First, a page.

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October 9th, 2004

So I am still pretty much on the fence about this movie as to whether to list it as a "Watch" or "Don't Watch." The premise of this movie is that Julianne Moore believes she had a son and that someone is trying to erase him from her memory. She fights whatever may be causing the lapsing of what she feels are memories of her boy. Very interesting plot, though I feel they could have done more with it. I am not happy with the execution of the story, but I cannot tell you that I was not scared. The movie was definitely scary, though more so in a startling fashion than in a suspenseful one. There was one part of the movie that is a guaranteed jump out of your seat moment. It happens as you can feel something is about to happen, though you are not quite positive as to what, and then that something happens. It is so rare to find a good scary movie, they are so hard to pull off. Worth seeing once, though you will not be in any rush to see it a second time.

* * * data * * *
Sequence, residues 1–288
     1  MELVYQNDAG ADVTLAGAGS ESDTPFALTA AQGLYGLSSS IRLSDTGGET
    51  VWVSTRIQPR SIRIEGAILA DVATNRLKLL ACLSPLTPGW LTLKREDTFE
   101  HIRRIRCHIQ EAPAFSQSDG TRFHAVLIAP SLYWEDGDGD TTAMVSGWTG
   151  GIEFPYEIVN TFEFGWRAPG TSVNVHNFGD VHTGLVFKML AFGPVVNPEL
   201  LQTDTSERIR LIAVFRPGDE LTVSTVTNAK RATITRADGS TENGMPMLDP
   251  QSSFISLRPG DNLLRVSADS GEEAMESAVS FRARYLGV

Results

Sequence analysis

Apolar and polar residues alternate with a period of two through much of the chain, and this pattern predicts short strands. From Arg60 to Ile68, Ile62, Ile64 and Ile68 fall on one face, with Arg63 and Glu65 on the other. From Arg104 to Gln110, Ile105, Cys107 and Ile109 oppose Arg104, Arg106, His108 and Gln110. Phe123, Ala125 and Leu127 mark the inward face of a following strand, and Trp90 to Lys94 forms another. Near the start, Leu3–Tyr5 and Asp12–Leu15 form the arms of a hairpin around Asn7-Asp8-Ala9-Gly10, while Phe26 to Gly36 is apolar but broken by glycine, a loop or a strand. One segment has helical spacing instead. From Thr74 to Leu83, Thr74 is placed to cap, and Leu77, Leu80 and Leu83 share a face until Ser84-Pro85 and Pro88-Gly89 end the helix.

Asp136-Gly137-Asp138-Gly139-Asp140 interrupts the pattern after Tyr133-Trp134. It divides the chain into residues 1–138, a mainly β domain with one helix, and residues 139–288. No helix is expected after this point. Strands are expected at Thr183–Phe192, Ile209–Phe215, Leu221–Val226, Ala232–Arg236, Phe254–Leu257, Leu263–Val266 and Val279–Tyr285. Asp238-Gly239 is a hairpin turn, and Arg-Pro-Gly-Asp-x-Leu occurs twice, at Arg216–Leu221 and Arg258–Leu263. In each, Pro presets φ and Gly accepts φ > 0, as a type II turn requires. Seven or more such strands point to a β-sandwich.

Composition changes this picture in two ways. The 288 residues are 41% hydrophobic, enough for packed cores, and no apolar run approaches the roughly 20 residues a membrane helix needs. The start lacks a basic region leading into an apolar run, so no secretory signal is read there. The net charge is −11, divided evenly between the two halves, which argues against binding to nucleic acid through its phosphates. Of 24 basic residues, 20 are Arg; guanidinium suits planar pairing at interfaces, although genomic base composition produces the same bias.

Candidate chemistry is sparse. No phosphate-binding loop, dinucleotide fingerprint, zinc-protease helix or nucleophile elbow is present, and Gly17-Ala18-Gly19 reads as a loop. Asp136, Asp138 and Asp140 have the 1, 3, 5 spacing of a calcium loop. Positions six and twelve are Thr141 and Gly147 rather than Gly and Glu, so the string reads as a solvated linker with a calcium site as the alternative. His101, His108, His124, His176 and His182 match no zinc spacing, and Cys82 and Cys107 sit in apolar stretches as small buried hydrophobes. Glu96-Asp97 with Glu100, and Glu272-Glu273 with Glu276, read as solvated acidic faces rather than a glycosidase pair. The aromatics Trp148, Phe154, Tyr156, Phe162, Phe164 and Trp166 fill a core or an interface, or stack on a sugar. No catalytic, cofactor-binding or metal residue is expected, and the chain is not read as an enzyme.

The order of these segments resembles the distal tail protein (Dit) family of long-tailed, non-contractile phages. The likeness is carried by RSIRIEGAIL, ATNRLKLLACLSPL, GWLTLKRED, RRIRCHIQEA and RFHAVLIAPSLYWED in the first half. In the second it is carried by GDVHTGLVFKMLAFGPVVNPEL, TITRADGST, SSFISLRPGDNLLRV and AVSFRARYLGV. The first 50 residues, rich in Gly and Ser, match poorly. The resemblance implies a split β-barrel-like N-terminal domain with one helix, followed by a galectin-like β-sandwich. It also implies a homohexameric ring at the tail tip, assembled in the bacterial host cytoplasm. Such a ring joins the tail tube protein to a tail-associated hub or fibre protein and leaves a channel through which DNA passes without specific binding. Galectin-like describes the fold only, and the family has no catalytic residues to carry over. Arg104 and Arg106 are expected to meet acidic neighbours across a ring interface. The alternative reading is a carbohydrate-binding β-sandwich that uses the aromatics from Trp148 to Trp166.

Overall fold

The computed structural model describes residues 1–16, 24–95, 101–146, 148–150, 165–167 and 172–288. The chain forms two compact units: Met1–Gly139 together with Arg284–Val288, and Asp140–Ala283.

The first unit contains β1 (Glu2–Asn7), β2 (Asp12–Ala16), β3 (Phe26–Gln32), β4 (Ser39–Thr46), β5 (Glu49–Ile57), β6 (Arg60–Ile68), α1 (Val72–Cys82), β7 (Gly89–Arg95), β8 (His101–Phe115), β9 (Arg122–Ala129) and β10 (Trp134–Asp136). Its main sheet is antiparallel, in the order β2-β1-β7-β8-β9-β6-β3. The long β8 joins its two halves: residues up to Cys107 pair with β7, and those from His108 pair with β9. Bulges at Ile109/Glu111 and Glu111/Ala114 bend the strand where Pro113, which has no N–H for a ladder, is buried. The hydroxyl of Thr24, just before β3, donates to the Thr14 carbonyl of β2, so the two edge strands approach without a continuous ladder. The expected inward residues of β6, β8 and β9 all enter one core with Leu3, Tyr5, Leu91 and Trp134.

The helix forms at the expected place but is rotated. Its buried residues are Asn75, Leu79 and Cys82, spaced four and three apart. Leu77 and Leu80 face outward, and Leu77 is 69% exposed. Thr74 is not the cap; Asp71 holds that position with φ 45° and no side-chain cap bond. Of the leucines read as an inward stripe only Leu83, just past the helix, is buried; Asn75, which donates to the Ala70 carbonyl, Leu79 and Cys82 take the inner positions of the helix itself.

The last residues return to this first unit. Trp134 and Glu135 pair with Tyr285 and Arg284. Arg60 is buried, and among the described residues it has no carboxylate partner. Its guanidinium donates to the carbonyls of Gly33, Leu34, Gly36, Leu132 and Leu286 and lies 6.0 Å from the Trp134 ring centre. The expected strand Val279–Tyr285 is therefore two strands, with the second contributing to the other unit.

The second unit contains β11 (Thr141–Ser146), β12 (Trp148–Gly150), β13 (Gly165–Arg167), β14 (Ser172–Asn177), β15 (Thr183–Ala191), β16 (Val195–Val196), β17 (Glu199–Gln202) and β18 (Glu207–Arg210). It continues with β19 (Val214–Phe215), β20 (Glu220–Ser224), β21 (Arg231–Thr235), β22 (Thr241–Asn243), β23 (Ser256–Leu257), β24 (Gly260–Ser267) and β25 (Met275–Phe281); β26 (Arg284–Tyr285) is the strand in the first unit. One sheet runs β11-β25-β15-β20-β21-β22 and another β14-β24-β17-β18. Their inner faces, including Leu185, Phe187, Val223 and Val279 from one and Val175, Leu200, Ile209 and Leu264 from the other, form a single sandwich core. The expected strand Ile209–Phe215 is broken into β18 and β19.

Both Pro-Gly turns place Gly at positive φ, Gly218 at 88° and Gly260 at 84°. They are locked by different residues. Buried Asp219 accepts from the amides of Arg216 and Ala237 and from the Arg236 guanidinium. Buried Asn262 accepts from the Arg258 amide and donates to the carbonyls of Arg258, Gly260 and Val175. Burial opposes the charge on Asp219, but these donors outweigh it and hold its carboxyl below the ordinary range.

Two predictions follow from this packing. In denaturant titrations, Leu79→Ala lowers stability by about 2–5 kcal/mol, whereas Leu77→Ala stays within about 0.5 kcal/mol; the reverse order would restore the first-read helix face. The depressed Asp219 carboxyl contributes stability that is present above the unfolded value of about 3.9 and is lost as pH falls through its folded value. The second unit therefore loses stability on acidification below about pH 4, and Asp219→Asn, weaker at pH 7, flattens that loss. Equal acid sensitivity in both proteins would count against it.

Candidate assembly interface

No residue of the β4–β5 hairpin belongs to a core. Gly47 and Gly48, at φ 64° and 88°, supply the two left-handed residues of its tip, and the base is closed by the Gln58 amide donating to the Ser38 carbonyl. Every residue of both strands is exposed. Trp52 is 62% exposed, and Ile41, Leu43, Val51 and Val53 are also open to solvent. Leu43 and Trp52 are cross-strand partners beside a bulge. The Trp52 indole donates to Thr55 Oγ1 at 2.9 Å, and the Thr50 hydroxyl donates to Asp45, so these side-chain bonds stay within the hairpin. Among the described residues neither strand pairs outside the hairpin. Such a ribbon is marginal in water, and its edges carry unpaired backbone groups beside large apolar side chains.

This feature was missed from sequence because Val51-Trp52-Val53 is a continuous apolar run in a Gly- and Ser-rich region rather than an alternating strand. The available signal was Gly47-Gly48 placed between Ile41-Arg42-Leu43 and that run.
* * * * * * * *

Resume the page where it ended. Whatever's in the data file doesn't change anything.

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October 8th, 2004

The secret of getting ahead is getting started.

NFL Week 4.

October 8th, 2004